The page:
|Publication number||US5865794 A|
|Application number||US 08/786,987|
|Publication date||Feb 2, 1999|
|Filing date||Jan 23, 1997|
|Priority date||Nov 28, 1994|
|Also published as||US5626562|
|Publication number||08786987, 786987, US 5865794 A, US 5865794A, US-A-5865794, US5865794 A, US5865794A|
|Inventors||Anthony J. Castro|
|Original Assignee||Devices For Vascular Intervention|
|Export Citation||BiBTeX, EndNote, RefMan|
|Patent Citations (5), Referenced by (35), Classifications (11), Legal Events (6)|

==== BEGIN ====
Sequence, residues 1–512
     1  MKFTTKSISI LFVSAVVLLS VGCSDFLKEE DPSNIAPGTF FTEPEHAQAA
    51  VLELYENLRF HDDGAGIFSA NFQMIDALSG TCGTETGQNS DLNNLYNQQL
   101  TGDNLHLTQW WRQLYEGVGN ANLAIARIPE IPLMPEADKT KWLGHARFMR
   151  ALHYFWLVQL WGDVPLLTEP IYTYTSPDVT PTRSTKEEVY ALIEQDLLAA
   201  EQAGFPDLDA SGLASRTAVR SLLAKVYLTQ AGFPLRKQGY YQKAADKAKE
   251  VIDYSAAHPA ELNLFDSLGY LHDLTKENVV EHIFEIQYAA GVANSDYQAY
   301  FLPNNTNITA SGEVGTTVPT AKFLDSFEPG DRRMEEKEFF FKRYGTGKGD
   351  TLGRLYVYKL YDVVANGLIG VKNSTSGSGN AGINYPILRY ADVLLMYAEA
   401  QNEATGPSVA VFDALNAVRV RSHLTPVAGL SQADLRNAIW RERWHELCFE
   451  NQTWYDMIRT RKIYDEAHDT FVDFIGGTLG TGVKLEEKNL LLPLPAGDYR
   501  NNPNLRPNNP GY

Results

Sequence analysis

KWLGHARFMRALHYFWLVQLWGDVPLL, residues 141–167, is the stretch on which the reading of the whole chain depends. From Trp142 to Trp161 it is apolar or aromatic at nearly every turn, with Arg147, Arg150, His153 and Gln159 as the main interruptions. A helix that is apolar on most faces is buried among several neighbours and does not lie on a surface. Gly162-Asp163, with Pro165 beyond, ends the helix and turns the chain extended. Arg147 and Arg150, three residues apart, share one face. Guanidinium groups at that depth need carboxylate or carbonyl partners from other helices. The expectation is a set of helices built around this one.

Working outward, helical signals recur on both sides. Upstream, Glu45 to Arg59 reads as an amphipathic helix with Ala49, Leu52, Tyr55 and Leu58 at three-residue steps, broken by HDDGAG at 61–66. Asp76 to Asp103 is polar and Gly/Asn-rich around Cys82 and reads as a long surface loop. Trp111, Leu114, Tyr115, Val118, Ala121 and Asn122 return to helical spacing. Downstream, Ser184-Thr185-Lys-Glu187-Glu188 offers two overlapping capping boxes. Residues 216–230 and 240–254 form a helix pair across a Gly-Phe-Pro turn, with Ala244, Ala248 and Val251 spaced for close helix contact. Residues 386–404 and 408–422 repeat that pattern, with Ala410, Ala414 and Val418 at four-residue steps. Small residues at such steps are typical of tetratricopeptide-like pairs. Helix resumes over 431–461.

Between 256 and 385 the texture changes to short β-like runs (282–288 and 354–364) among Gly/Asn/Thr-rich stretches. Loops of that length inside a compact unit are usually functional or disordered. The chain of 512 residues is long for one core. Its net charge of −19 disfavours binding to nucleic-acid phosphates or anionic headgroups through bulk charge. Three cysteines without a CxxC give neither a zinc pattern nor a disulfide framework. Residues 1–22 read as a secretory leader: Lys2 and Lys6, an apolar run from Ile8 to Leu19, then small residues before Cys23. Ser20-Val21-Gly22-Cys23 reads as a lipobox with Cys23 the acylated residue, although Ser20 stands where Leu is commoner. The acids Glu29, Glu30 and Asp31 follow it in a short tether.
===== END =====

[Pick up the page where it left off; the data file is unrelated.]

|External Links: USPTO, USPTO Assignment, Espacenet|
This is a divisional of application Ser. No. 08/345,104 filed on Nov. 28, 1994 now U.S. Pat. No. 5,626,562.
This application incorporates by reference copending U.S. patent applications Ser. No. 08,149,587, filed Nov. 9, 1993 entitled "Improved Cutter Device," now U.S. Pat. No. 5,507,760.
1. Field of the Invention
This invention relates to a device and method for the treatment of specific areas of inner surfaces of biological conduits with medicaments.
2. Previous Art